9. Be realistic: Draft a realistic budget. Don’t make a budget that you cannot maintain. Also, try to live within your means and economize well. Don’t plan something that you cannot commit.


Lastly, don’t make a wish list, make a proper budget this year to get your finances back on track.


By Phil Bradford


Finally, debts are not bothering you anymore as you have kicked them off through debt settlement. And now, you are relaxed, as you no longer have the debt burden on your shoulders, but what about your credit score? Was it the same as before? Well, you should be aware of the fact that debt settlement hampers credit score, as you’re unable to pay the full outstanding loan amount.


After the debt settlement process:


Consolidate your debts with a good Debt Consolidation company. Your debts will be disposed of successfully. But, you also need to pay attention to your credit score. Check out some tips to restore your credit score after a debt settlement program:


  1. *Use new lines of credit: * You should apply for fresh lines of credit to increase your credit score. For this, you can apply for secured credit cards that routinely report to all the three credit bureaus (Equifax, Experian, and the Trans Union). To raise your credit score, you have to deposit a certain amount in your credit card account first. For example, if you want to get $600 credit line, then you have to fund your account with the same amount. After that, manage your account regularly to increase your creditworthiness. It’s suggested that you don’t apply for more than two lines of credit. Credit Card Broker.

  2. *Carry low balance in your accounts:* Never cross 30% of your current account balance. You should maintain a low balance to keep negative information away. If you use your credit accounts regularly and don’t cross the credit limit, then you’ll see a rise in your credit score.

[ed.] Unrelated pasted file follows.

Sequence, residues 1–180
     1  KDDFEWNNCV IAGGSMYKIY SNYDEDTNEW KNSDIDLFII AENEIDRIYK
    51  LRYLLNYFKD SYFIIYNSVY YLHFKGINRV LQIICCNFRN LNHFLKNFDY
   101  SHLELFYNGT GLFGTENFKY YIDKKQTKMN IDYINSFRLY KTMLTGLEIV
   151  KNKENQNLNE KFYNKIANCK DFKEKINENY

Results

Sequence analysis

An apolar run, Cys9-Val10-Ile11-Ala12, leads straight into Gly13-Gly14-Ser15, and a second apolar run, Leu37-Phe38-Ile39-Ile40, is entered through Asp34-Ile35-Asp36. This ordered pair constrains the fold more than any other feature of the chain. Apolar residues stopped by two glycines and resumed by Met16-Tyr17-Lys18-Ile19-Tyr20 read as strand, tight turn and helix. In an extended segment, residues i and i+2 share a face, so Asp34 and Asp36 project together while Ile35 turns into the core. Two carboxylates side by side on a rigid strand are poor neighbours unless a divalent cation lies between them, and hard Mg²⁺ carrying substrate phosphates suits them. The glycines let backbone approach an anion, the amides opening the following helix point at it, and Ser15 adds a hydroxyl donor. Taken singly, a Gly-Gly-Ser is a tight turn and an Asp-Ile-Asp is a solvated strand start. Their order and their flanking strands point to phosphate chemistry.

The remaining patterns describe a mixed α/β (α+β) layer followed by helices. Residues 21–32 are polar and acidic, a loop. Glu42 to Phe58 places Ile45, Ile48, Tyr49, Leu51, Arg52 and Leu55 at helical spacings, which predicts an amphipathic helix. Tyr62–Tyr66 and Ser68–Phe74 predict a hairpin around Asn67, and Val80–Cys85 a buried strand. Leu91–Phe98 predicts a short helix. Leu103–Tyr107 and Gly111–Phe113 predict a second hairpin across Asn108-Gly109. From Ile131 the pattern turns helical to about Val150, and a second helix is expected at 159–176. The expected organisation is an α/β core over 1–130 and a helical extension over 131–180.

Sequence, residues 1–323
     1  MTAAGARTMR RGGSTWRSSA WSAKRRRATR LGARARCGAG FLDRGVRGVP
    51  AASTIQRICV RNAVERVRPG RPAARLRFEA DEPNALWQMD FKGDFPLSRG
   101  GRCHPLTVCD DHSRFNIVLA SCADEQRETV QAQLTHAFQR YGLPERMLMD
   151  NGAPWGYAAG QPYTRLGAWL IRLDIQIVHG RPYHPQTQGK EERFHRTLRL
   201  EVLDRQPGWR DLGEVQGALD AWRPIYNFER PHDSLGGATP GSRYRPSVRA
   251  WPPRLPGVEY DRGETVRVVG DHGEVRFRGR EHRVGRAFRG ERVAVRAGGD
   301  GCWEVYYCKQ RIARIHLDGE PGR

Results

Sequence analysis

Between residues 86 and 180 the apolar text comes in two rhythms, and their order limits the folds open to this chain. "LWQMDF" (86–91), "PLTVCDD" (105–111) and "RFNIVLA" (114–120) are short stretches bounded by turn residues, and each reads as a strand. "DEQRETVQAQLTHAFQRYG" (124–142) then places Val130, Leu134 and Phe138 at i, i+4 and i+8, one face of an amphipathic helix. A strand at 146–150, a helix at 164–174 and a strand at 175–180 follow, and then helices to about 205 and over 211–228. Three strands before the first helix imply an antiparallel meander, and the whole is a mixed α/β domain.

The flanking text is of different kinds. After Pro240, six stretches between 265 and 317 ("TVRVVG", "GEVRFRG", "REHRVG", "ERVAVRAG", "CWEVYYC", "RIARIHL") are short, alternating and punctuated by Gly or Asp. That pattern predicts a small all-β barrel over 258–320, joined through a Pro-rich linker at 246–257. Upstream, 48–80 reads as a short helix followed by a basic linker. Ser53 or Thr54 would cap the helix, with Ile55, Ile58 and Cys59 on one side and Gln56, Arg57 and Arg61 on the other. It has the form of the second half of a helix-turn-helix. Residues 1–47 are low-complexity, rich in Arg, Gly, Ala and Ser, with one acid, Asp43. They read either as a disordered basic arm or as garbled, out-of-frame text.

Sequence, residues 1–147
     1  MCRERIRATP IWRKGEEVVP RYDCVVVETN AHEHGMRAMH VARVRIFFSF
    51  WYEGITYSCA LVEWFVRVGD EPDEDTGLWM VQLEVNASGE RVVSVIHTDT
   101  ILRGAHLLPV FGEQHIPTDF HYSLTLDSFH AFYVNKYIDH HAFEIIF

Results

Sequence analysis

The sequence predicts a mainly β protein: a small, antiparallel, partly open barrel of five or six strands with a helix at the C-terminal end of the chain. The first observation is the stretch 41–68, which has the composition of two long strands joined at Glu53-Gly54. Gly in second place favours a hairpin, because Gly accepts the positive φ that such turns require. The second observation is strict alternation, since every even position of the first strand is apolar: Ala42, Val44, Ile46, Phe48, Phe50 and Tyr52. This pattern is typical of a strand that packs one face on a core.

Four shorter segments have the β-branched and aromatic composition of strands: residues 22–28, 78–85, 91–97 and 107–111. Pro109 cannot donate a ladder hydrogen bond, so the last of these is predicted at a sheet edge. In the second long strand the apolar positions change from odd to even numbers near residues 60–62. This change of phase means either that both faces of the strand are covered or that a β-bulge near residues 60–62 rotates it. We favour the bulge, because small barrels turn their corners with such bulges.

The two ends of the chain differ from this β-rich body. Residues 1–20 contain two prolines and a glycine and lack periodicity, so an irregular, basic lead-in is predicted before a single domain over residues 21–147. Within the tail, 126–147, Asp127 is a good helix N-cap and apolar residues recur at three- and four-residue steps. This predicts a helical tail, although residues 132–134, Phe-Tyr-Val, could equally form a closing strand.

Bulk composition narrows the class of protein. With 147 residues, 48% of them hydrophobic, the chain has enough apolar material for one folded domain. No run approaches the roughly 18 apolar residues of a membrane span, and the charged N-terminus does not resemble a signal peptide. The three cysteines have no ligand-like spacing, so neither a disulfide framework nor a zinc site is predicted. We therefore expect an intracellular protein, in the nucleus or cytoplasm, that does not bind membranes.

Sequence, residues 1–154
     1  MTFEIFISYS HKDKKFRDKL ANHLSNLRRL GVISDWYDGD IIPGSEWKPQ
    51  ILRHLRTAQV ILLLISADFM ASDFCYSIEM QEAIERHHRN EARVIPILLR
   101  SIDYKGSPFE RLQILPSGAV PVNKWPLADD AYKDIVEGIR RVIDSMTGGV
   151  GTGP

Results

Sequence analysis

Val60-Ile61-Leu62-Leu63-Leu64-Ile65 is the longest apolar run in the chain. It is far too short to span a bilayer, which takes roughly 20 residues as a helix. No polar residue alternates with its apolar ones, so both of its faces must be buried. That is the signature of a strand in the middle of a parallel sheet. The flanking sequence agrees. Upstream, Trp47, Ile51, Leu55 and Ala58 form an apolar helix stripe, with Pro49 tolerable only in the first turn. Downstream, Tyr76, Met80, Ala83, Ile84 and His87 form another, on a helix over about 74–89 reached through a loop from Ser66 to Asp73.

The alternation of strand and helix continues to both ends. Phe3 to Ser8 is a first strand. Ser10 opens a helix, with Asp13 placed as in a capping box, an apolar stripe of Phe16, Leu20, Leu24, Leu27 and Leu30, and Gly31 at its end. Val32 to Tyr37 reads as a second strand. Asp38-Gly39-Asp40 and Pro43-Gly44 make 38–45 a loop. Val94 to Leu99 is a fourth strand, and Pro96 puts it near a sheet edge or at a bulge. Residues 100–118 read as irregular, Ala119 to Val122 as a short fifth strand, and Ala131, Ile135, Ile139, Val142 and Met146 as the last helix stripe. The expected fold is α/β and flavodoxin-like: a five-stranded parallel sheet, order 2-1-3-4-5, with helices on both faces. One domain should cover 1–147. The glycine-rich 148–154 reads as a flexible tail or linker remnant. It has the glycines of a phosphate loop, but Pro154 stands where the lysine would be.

3. *Pay off your bills on time:* Making timely bill payments helps to restore your credit score. It’s always good to make a habit of paying the bills before the arrival of the due date. Delayed payments will damage your credit score. Never wait for too long to pay your bills.

  4. *Use credit cards that are designed for bad credit:* There are credit cards available on the market that are specifically designed for the people with bad credit score. If you have a bad credit score, then you should use one such card to give a boost to your credit account. These credit cards come with very high-interest rates. Horizon Gold Credit Card is one such example that comes with an interest rate of 23.99%.

  5. *Review credit report for any error:* As humans, it is quite natural to commit errors. Errors are common! But, you shouldn’t forget that these errors could also drag you into endless troubles. Whenever you get the copy of your credit report, make it a point to review all the details carefully and minutely. Even a small mistake can ruin your credit score. If you find out any wrong information or any other mistakes in your credit report, then immediately inform the credit reporting agency about it, so that, they can rectify it. Review your credit report at regular intervals and dispute incorrect information to maintain a good credit score.

  6. *Practice good credit habits:* To increase your credit score after debt settlement, you should adopt good credit habits. Pay your bills on time; never take too many credit cards and charge only what you can afford to give a boost to your credit score. This’ll help you to gain the confidence of the creditors.

  7. *Don’t close existing credit accounts:* People have this common misconception that closing existing credit accounts with bad credit will improve their credit score. Well, this is absolutely wrong! The tenure of your existing credit accounts can actually build up your credit score. Keep your old credit accounts open to maintain a good credit score.

  8. *Don’t stop using your credit:* People with bad credit often stop using it. This is only helpful to you if you’re trying to pay off debts. If you aren’t planning such things, then it’s better to use your credit, as it won’t hurt your credit score. Try to open and use a small credit account and pay off the balance each month in order maintain a good credit score.


Your credit score reflects your creditworthiness. If you have gone through the process of debt settlement, then you should follow the above tips to rebuild your credit score in order to gain the confidence of the lenders.


Fix Your Credit, Today! Call Us: (877) 212-2450